When it comes to Google’s SERPs (Search Engine Results Pages), the only constant is change. Whether it’s monkeying with font sizes, moving navigation or adding the “knowledge graph”, they keep us busy just trying to figure out where things are headed. The latest examples are among the most significant over the last several years, and after months of testing, are apparently being pushed live to all users. Read on to see what “new” Google search results pages now look like.
Four weeks into the new year, what can I predict that hasn’t already been predicted by someone else? Probably not much, but lets take a look at what some other SEOs expect to see in 2014 while I try to sprinkle in some of my own wisdom and play Miss Cleo along the way.
It’s hard to believe but it’s time once again for our SEO “year in review” where we turn the page on the calendar and take a look back on all of 2013’s important developments in online marketing that had a significant impacts on the way we work. From a complete 180 in how Google tells us to set up Adwords accounts to an Analytics overhaul and the loss of all organic keyword data, 2013 certainly kept us on our toes.
This week Google decided that instead of fixing any of the ongoing problems with Google+ Local or any of their other services, they would dangle a shiny new object in front of users and require that they update their personal and business pages with massive new images…. or run the risk of having their pages appear broken to users. Additionally Google+ Local added equally large non-interactive maps to the top of all listings, which in many cases only further complicates previously unresolved issues. Today we take a look at what changes were made, how they may have impacted you, and what you should do to deal with them.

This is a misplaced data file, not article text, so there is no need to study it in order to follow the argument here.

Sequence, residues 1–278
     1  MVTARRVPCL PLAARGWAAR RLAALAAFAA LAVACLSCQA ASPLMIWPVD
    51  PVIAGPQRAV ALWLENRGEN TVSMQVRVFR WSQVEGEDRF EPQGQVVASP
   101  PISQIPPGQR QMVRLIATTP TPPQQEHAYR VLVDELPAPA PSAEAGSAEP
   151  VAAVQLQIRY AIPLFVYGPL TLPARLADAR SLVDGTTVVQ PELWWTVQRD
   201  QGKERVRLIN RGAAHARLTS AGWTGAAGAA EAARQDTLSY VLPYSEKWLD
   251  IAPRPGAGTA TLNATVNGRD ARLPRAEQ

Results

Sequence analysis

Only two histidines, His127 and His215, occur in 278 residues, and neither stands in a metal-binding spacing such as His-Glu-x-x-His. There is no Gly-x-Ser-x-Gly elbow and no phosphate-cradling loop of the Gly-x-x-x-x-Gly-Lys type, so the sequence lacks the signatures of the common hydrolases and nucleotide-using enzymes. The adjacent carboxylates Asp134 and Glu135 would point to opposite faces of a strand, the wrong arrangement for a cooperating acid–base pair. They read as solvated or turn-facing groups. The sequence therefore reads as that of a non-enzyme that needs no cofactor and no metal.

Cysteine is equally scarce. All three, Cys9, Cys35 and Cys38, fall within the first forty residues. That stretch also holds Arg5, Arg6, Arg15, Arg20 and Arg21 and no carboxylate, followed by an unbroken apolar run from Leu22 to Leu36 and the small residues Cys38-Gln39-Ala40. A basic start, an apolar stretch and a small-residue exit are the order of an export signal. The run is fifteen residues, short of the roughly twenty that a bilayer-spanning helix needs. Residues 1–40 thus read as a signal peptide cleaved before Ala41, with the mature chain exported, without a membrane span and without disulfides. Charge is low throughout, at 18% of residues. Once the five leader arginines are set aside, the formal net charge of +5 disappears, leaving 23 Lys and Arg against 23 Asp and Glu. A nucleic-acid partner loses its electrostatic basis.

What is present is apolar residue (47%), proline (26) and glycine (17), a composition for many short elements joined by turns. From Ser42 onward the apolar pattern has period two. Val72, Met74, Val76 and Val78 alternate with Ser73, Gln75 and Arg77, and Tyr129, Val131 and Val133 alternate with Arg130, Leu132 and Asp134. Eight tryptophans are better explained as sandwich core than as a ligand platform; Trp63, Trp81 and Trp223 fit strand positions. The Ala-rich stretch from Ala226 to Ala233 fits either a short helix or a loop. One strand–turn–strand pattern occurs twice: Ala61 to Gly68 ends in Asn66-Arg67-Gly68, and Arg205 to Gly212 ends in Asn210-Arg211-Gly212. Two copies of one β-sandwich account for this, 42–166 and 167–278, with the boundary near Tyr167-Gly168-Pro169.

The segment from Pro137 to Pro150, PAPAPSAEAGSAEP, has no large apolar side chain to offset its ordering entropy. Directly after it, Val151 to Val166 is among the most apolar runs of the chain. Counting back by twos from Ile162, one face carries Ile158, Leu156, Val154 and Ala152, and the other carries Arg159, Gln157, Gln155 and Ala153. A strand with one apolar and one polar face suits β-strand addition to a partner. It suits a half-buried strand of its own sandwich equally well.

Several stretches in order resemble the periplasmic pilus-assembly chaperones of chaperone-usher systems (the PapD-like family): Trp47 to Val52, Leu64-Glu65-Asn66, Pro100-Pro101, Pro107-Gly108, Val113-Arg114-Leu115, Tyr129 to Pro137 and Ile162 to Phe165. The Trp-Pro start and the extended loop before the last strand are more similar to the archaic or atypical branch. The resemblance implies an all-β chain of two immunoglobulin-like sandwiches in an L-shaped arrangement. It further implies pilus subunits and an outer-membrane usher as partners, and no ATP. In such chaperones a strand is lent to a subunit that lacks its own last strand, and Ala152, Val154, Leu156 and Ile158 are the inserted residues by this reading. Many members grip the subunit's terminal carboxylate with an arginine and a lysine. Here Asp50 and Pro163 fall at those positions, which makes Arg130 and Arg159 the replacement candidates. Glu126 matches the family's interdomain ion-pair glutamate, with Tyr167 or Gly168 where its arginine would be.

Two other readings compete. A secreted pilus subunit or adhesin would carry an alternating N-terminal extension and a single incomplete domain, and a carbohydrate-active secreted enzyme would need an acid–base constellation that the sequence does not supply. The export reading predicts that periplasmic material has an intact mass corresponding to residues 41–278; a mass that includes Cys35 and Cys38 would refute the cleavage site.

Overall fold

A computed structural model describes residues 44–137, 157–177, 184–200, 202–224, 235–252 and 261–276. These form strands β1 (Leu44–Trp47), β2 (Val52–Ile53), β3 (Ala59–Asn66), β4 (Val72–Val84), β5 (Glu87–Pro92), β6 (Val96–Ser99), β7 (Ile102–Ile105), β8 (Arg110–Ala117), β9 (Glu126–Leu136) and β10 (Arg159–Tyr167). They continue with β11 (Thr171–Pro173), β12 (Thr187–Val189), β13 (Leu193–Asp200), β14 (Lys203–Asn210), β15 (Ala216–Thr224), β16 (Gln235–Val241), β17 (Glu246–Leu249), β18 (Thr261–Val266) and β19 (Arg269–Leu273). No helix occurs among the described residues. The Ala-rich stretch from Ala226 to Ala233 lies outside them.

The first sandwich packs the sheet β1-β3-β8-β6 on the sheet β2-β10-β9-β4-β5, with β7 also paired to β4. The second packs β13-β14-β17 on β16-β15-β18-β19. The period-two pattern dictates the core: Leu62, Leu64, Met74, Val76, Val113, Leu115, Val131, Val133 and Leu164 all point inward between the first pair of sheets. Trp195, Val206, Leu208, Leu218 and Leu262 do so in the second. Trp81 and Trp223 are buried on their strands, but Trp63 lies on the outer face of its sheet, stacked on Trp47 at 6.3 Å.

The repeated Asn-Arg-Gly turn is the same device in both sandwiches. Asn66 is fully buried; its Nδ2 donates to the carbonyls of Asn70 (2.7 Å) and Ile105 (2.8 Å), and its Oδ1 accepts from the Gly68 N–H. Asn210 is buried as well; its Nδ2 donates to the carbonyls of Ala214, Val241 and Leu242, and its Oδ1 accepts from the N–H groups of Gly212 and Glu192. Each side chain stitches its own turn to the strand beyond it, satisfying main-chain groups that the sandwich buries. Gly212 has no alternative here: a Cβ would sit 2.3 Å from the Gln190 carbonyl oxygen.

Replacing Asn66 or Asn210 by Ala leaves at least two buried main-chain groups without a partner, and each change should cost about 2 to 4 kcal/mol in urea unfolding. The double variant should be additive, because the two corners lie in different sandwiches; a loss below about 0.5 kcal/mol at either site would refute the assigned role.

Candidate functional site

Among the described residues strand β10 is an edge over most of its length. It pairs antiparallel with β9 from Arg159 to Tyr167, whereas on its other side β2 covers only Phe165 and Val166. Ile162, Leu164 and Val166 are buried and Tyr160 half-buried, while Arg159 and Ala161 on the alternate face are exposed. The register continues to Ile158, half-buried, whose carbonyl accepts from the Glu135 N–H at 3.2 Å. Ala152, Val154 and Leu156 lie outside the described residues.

Did you know that Google will let you view floor plans of places like airports, shopping malls and department stores? This feature has been available in the Maps app on Android devices for some time, but a few months ago was added to Google Maps for desktop as well. Additionally, I’ve discovered a little trick that will allow you to view Google Indoor Maps on iPhones and other iOS devices, which you can use while we wait for their developers to update the iOS Google Maps app.
By now, most of us are aware of satellite and “Street View” imagery in Google Maps, but did you know Google has begun adding 45° aerial photos as well? In fact in 2012 they began rapidly adding hundreds of cities and countries across the globe, including Burlington, VT in mid-November. Today we’ll take a look at how/when Google shows these images, why they are so current, and then explore some of the Queen City from above.
It seems that Google is once again testing changes to their local listings. Though instead of any fundamental change to the core of their directory, like moving from Google Places to Google+ Local, this time they’re just testing the display of even numbered local pack layouts in search results. It’s unclear why in the past local packs always only included 1, 3, 5 or 7 results, but they have apparently started showing 2, 4 and 6 packs to users lately, though infrequently.
It’s easy to miss, and who knows when it was added, but there’s now a way to “Show service area” when looking at a local business or local search results in Google. Today we explore a number of different ways that you can wind up viewing a company’s service area and the types of location targeting these companies are able to utilize in their local listings.
Google’s problems with reviews for local businesses disappearing are as old as their local directory itself (Local Business Center/Places/+ Local), and I wrote about them at length several months ago (even before the Google+ Local transition). So, what’s changed? Well, nothing as far as Google taking action on the matter is concerned… But master of Google Local Mike Blumenthal is trying to turn up the heat by posting a group forum for business owners to sort of form a coalition.
Today is the day! Finally Google is allowing business owners to verify and merge their existing Google+ business pages with their Google+ Local pages (formerly Google Places pages). Unfortunately, while this isn’t another round of beta testing, it’s also still not a feature available to all business owners just yet. In this post we’ll talk about which businesses still can’t access this feature.